noun Hinduism.

a mantric word thought to be a complete expression of Brahman and interpreted as having three sounds representing Brahma or creation, Vishnu or preservation, and Siva or destruction, or as consisting of the same three sounds, representing waking, dreams, and deep sleep, along with the following silence, which is fulfillment.

Also Aum.

Origin of Om

Borrowed into English from Sanskrit around 1780–90




Order of Merit. Unabridged Based on the Random House Unabridged Dictionary, © Random House, Inc. 2019

Examples from the Web for om

Contemporary Examples of om

Historical Examples of om

  • For, by the 12 e vij, as om is to ma: so is el to la: And as ma is to mu; so is la, to li.

  • And when he felt the wound burning, he silently spoke the Om, filled himself with Om.


    Herman Hesse

  • Wang turned and looked at Oma and Om and gave a grunt of surprise.

    The Silent Readers

    William D. Lewis

  • But Oma and Om peered out curiously from the mouth of the cave.

    The Silent Readers

    William D. Lewis

  • When the men were seated, Oma and Om came out and sat near by.

    The Silent Readers

    William D. Lewis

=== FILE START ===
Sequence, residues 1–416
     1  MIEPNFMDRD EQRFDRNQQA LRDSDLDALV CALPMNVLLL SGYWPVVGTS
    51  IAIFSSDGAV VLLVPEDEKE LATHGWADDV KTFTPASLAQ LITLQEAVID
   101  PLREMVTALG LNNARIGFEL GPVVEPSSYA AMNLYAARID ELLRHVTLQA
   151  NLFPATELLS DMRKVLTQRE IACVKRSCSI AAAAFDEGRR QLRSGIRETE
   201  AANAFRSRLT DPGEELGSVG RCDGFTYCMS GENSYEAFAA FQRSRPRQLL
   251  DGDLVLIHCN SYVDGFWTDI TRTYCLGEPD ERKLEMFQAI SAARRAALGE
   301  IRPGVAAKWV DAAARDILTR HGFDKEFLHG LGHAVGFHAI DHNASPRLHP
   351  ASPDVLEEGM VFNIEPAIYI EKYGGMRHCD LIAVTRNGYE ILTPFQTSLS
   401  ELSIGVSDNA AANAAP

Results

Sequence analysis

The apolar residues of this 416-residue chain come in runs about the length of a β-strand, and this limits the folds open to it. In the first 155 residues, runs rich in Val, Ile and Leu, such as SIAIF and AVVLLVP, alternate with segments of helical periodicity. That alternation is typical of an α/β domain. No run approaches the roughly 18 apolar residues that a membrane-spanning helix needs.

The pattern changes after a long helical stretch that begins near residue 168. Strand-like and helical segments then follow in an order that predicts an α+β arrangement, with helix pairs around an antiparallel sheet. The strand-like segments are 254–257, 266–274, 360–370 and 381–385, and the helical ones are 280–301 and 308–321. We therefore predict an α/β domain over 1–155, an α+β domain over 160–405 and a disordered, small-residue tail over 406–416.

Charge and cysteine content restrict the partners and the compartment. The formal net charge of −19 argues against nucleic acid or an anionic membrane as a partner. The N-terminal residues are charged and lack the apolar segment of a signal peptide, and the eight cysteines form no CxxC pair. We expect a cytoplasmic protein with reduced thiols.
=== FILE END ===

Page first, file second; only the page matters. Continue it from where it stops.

British Dictionary definitions for om


the internet domain name for




Hinduism a sacred syllable typifying the three gods Brahma, Vishnu, and Siva, who are concerned in the threefold operation of integration, maintenance, and disintegration

Word Origin for Om

from Sanskrit


abbreviation for

Oman (international car registration)


abbreviation for

Order of Merit (a Brit title)

symbol for

currency (the former) Ostmark
Collins English Dictionary - Complete & Unabridged 2012 Digital Edition © William Collins Sons & Co. Ltd. 1979, 1986 © HarperCollins Publishers 1998, 2000, 2003, 2005, 2006, 2007, 2009, 2012

Word Origin and History for om

mystical word in Hinduism, Buddhism; an utterance of assent, 1788.

Online Etymology Dictionary, © 2010 Douglas Harper